A year ago, inflation was still at double-digit levels. And while a fall in inflation is not the same as a real fall in prices, the disinflationary process is notable. In November, as in previous months, the main drivers of falling inflation rates were favorable base effects in almost all sectors of the economy, as well as falling energy prices and price cuts in leisure, entertainment and hospitality services. The only worrying fact was the monthly increase in food prices.
Looking ahead, the disinflationary process should continue. In fact, this year’s decline in headline inflation has been primarily due to base effects. The next stage of disinflation will be driven by the ECB’s tightening of monetary policy. Weakening demand as a result of rising interest rates should lead to real price declines in the coming months. This is already reflected in sales price expectations, which have begun to decline significantly in the services sector, following the previous trend in the manufacturing sector. As a result, German headline inflation should fall further in December and stabilize in the 2% to 3% range in 2024.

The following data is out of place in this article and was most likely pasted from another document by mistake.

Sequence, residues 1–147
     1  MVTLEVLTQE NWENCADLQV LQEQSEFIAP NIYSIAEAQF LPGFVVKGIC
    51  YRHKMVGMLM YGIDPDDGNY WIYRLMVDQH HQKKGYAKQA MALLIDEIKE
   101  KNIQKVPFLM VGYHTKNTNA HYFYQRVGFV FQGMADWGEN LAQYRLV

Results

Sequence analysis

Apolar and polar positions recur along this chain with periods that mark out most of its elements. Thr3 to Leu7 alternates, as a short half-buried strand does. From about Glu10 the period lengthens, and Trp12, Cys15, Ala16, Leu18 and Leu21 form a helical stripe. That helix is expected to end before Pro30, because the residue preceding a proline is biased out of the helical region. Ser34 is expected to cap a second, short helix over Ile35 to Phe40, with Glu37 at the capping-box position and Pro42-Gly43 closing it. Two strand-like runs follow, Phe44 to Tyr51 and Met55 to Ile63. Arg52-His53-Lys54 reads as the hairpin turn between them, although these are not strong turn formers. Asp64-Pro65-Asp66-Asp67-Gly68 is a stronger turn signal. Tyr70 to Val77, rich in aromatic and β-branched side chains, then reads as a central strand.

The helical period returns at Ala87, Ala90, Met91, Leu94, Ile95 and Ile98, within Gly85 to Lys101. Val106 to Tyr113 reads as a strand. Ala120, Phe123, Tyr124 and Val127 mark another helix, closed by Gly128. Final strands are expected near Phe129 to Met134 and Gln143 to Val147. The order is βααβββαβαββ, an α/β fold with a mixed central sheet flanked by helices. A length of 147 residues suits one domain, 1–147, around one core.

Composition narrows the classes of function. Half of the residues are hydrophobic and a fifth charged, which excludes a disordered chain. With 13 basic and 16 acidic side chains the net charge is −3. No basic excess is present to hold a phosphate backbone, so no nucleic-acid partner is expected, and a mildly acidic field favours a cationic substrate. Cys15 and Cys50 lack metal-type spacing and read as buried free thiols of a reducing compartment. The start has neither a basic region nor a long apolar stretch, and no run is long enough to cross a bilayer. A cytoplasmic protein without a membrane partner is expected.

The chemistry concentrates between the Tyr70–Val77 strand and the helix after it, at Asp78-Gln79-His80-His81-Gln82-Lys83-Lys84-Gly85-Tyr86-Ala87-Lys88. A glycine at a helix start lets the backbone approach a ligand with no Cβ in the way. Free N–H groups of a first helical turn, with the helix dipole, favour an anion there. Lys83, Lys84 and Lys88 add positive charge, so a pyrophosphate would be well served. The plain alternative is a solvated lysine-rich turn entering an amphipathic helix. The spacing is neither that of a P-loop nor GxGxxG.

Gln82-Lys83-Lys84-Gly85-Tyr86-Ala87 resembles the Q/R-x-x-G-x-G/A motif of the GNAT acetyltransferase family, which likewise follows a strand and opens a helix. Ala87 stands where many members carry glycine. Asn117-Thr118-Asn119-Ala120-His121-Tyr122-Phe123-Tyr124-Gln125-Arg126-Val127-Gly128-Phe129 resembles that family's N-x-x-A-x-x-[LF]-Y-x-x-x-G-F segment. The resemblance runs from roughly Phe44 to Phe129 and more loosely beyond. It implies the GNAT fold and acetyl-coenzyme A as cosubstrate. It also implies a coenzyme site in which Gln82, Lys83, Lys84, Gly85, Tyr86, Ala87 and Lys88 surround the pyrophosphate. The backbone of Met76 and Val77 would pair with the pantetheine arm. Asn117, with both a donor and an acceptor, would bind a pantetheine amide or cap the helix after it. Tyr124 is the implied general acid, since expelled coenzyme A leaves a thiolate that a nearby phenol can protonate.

It is true that the risks to this inflation forecast are obvious; It is not only energy prices but also recent fiscal problems in Germany that could push inflation up again. In particular, fiscal problems could generate upward pressure on prices. A reversal of the reduced VAT rate for restaurants, from 7% to 19%, has already been announced, raising headline inflation by about 0.1 percentage points. Further tax increases or administered price increases could follow to close the government’s funding gap. Furthermore, we never tire of repeating our long-held view that, structurally, inflation will be higher in the coming years than before the pandemic. Demographics, risk reduction and decarbonization are arguments in favor of upward pressure on price levels.